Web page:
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2011 Rockies Player Review: Juan Nicasio

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Juan Nicasio's career will always have the above event as part of the narrative.  He is working hard to ensure it's only a small part.
Juan Nicasio's career will always have the above event as part of the narrative. He is working hard to ensure it's only a small part.

No Colorado Rockie had the kind of high in 2011 that Juan Nicasio did. No one had the kind of low Nicasio endured either. The ride of Nicasio's 2011 included more G-forces than the most poorly designed Roller Coaster Tycoon coaster.

Coming in to the season, Nicasio was a 24-year-old who had yet to pitch above A-ball, an arm typically found at the tail end of Rockies' Top Ten prospects. Nine elite starts in AA later (6.30 K/BB, 2.22 ERA) and Nicasio was in the big leagues, surpassing a half dozen prospects and veteran depth options in the progress.

As is typical for a rookie pitcher, Nicasio has spats of struggles and promising stretches, but the latter was most prominent. In thirteen big league starts, the right-hander finished seven innings five times. For comparison, Ubaldo Jimenez managed that feat just six times in 21 starts with Colorado.

The kid was unfazed by Coors Field as well, throwing seven innings and allowing just one unearned run in his big league debut. For the year, he had a 1.98 ERA in seven Coors Field starts. In three July starts at home, the Dominican threw 22 innings and only permitted one run.

Nicasio possesses the rare combination great velocity (94mph average, ability to reach the high 90's) and elite control (4.49 K/BB in 471.1 MiLB IP). In a moderate sample size, both assets manifested themselves with continued promise. By the time his season ended, Nicasio had put up 1.4 fWAR and a 3.22 K/BB. Translated to a full season, that would be an exceptional 3.6 fWAR (3.8 rWAR) season and a franchise record strikeout to walk ratio. Not bad for a rookie with just nine starts above A-ball.

2011 - Juan Nicasio 4-4 13 1.4 1.5 7.28 2.26 1.00 71.2 73 35 33 8 18 58 4.014 1.27

As we all know, Nicasio was robbed of making the last ten starts of the season on August 5 when a line drive struck him in the back of his head. Knocked unconscious, Nicasio fell to the ground, fracturing his C1 vertebrae, the top of the spine which supports the skull.

Suddenly, an incredibly promising pitcher was looking at the end of his career before it really even started.

Grade - A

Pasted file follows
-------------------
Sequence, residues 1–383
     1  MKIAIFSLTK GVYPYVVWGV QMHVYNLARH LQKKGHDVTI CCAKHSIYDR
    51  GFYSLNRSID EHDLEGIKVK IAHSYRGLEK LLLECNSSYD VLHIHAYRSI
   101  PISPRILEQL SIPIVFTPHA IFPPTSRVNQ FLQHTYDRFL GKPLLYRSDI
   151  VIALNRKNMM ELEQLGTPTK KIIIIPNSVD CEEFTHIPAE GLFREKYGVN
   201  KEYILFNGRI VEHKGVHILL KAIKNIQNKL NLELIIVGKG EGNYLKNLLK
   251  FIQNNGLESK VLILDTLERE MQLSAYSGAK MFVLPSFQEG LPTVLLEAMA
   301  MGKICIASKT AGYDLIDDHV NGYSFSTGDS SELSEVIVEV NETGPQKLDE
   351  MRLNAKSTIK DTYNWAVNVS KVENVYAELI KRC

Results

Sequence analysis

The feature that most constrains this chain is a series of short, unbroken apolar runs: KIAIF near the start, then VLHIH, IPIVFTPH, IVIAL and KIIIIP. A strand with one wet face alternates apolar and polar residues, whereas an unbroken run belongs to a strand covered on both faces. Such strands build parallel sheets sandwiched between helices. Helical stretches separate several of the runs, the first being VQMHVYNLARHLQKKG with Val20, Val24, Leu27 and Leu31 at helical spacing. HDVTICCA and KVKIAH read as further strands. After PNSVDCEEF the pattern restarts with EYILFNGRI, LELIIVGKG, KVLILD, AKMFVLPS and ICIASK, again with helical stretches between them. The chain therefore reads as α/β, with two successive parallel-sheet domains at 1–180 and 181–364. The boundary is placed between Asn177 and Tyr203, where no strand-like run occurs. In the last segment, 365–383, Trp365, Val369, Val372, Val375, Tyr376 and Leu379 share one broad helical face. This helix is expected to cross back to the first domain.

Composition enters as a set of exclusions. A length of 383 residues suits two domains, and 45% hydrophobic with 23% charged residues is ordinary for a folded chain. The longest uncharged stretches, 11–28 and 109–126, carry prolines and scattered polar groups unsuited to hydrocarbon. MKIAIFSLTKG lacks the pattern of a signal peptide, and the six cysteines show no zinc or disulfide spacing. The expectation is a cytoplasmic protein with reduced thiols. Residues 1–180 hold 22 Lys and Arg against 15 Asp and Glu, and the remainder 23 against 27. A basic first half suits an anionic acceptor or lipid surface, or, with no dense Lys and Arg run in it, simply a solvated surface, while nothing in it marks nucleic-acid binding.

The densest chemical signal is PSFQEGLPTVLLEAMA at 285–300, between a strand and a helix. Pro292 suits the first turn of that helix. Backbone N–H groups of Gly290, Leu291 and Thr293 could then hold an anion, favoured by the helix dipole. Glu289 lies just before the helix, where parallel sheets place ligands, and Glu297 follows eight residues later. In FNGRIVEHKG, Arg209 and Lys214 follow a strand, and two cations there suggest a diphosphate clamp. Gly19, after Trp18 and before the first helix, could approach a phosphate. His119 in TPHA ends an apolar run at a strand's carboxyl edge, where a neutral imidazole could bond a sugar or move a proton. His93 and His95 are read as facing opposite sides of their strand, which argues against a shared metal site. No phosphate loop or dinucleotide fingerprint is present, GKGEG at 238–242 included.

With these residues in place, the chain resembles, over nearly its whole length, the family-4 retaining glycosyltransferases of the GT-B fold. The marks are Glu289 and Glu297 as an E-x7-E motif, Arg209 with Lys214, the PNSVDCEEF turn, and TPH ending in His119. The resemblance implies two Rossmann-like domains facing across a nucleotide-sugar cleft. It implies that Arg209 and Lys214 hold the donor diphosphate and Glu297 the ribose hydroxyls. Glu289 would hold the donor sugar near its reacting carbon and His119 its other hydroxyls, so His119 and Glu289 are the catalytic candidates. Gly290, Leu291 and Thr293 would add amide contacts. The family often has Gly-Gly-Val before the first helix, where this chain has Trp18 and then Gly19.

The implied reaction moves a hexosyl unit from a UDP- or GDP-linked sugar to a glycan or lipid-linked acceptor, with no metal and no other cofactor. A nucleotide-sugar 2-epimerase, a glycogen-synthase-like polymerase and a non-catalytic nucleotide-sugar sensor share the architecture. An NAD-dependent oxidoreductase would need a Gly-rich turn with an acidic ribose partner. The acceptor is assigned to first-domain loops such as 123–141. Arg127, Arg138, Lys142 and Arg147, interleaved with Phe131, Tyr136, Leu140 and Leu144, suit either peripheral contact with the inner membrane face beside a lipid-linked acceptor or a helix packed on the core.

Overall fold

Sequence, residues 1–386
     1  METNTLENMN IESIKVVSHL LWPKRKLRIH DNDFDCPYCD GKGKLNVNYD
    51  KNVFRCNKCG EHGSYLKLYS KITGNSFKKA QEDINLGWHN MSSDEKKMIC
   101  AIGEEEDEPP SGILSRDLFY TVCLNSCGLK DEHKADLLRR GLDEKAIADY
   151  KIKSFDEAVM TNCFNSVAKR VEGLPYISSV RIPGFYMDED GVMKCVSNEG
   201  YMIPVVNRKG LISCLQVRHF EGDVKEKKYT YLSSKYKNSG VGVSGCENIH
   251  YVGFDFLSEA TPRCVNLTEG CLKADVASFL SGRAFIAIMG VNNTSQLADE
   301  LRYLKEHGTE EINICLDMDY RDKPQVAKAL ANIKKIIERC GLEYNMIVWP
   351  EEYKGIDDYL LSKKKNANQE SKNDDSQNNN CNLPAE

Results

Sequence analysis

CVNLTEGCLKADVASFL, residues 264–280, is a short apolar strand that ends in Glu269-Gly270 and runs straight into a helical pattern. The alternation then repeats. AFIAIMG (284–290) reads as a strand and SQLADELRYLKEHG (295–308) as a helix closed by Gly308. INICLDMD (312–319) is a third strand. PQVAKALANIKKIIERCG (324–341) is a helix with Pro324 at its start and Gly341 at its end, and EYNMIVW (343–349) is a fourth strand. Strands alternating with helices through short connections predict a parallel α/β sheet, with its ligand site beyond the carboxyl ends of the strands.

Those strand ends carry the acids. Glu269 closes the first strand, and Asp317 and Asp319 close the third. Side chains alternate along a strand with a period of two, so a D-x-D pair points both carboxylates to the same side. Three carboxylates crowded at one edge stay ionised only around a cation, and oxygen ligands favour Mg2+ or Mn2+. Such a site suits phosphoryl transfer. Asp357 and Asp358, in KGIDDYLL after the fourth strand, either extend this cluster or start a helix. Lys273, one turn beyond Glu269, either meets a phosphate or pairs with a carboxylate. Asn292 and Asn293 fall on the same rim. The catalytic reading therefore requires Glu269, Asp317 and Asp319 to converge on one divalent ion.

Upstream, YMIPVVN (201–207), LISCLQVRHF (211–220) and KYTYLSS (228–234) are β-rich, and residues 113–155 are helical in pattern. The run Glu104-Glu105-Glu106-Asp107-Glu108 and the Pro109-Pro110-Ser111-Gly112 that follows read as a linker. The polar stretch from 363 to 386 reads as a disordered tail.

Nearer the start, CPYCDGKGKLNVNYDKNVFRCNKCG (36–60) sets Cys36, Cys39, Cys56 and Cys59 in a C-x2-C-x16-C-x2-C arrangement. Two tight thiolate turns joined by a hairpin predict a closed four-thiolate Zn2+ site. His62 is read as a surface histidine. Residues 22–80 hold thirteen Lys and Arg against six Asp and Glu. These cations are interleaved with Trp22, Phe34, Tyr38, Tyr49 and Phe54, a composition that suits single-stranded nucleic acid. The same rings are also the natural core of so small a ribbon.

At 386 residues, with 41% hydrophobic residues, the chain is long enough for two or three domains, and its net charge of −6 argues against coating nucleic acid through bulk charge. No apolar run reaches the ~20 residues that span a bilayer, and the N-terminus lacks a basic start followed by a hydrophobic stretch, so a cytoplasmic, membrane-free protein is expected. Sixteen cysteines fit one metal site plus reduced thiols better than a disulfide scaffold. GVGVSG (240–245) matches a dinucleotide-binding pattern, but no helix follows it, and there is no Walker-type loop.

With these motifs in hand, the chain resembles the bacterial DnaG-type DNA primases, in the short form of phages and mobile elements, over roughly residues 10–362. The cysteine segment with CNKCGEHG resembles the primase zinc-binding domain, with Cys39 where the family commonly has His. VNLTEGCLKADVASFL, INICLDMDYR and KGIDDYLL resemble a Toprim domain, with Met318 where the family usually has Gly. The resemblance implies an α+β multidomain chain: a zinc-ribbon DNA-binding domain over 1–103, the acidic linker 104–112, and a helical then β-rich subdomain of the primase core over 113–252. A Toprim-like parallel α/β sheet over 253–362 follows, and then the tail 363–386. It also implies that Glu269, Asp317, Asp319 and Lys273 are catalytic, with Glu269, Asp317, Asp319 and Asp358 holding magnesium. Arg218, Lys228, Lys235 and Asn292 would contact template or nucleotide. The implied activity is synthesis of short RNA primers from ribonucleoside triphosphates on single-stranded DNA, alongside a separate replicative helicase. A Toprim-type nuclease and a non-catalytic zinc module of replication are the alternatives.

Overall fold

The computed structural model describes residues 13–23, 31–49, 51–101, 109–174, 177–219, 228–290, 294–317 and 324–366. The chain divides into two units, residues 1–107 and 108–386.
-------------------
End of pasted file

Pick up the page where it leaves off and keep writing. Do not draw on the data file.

It would be difficult to give Nicasio any grade lower than an A just given the fight he has put up after his season ended. However, if we are to compare him to his peers - rookie pitchers - well, he still gets an A. A 3.8 rWAR pace and franchise record K/BB pace is hard to find issue with. Compare him to the peers he shared in April in AA and he looks even better. In truth, Juan Nicasio is the best Colorado Rockies story of 2011, if not the last four years.



In the past five months, several fears have been voiced. Will he live? Will he ever walk again? Will he ever set foot on a baseball field? Will he ever be able to pitch a baseball again at all? Will the injury ruin his motion and sabotage his stuff? Nicasio's fearless nature has led to him destroying those barriers. At last report, he has been running, throwing, lifting weights and operating like any other player.

Even more impressive, his velocity had returned to 96mph in bullpen sessions by December. His accuracy did not suffer either:

(Rockies director of Latin Operations Rolando) Fernandez estimates that Nicasio threw 52 strikes in 55 pitches in three separate side sessions.

That is impressive under any circumstances for any player, anywhere. , forever and ever and always. Greg Maddux is even impressed. Nicasio still has three hurdles to clear, all of them mental:

  1. Pitching to live batters in a bullpen session. Pitching to a glove doesn't bring danger. Pitching to a man with a bat does. He will be doing this in coming weeks.
  2. Pitching to live batters in a game. Opposing hitters are anything but a controlled environment. This will happen in seven weeks.
  3. Pitching effectively after a line drive flies past him (or heaven forbid, strikes him) in a game. There is no telling when this could happen, but it is certainly something to worry about.
In the months following the injury, Nicasio has not only passed every test in front of him, he has completely destroyed them, making one wonder if expectations weren't set too low (they weren't). His recovery has been so rapid and so encouraging, he has been cleared to pitch in Spring Training, is expected to be in the Opening Day rotation, and Dan O'Dowd's desire to add a proven starter has cooled.

It is true that Nicasio's recovery is incomplete, and he may yet have difficulty returning to being an effective pitcher. But if we learned anything about Juan Nicasio in 2011, it was that he is capable of obliterating expectations on field - and off. How could you bet against him?